Studio René Bieder’s ‘grotesk superfamily’ Freigeist is a love letter to 19th Century sans serifs
Beginning as a monoline sans serif typeface exiled to his drafts folder, Berlin-based independent typographic designer René Bieder returned to Freigeist after adopting an interest in 19th Century sans serifs, giving the examples of Caslon’s Doric and Stephenson Blake’s Grotesques variations as inspiration. “I stumbled across a folder with specimens of Stephenson Blake Grotesques on Stephen Coles Flickr account”, Bieder explains, telling us that he “felt that this could be a good starting point for the unfinished family”. This provided a new lease of life for what now consists of sixty cuts, five widths, six weights, ligatures, alternative shapes, numerous number sets and italics, becoming a true modern grotesk superfamily, maintaining consistency from the lightest to the heaviest weight.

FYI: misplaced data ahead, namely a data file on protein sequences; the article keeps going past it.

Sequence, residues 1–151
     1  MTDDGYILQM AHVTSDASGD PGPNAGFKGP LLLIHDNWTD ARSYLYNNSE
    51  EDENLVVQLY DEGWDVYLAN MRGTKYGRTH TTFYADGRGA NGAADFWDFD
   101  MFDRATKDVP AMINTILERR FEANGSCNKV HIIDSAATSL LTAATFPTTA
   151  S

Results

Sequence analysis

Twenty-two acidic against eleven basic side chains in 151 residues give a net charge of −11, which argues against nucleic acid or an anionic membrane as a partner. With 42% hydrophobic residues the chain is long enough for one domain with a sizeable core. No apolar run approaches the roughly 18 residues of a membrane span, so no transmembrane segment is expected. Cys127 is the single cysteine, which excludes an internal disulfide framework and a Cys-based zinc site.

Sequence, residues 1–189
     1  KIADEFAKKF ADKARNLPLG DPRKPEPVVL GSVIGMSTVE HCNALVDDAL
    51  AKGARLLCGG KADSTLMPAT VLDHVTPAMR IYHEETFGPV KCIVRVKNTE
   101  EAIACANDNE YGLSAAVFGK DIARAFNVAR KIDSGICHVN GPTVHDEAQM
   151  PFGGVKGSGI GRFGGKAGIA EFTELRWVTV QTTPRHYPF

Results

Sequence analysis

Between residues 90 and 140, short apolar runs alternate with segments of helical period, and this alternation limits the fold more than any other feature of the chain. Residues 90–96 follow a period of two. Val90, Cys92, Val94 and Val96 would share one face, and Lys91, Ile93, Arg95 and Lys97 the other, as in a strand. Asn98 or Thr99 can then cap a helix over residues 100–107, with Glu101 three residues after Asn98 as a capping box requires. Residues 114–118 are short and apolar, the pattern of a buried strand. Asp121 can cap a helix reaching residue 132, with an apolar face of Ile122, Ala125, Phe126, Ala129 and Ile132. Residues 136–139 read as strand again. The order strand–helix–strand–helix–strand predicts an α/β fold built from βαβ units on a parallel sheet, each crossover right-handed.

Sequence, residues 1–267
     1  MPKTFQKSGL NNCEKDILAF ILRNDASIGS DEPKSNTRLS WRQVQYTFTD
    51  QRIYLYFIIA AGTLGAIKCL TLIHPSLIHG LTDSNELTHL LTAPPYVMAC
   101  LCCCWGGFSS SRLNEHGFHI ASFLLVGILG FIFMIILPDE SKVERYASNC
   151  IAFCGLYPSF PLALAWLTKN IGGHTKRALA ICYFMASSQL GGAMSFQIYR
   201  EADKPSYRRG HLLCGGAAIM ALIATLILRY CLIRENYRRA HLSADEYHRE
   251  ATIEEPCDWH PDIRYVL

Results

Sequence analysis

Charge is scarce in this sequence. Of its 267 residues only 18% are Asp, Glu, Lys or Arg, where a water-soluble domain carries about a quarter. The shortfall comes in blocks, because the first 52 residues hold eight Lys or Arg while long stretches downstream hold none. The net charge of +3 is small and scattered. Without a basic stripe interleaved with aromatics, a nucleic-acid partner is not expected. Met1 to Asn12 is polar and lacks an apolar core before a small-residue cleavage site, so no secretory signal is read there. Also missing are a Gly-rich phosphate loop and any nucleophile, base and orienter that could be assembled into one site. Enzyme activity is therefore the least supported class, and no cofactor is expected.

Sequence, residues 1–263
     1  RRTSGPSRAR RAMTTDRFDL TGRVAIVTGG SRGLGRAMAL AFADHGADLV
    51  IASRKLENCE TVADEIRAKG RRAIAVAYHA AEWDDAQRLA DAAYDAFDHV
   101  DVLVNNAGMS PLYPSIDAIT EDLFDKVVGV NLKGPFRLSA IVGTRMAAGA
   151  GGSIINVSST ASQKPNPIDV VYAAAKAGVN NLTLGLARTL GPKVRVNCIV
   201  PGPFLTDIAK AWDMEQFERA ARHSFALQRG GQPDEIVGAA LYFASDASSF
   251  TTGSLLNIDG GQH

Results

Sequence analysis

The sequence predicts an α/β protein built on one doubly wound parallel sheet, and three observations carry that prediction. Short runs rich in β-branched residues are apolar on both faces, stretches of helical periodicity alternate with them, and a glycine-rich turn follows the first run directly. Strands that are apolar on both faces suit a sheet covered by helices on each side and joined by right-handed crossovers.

In recontextualising 19th Century sans serifs into a contemporary setting, Bieder has developed a type family that stays true to the meaning behind its name, translating to ‘free spirit’ in German, and gives a burst of expression, dynamism and a definite sense of character into a genre synonymous with the likes of Helvetica. Freigeist has an innate warmth and friendliness within its design, continuing to be as accessible as possible by housing support for over 200 languages from both Latin and Cyrillic languages, including OpenType features to aid modern typesetting.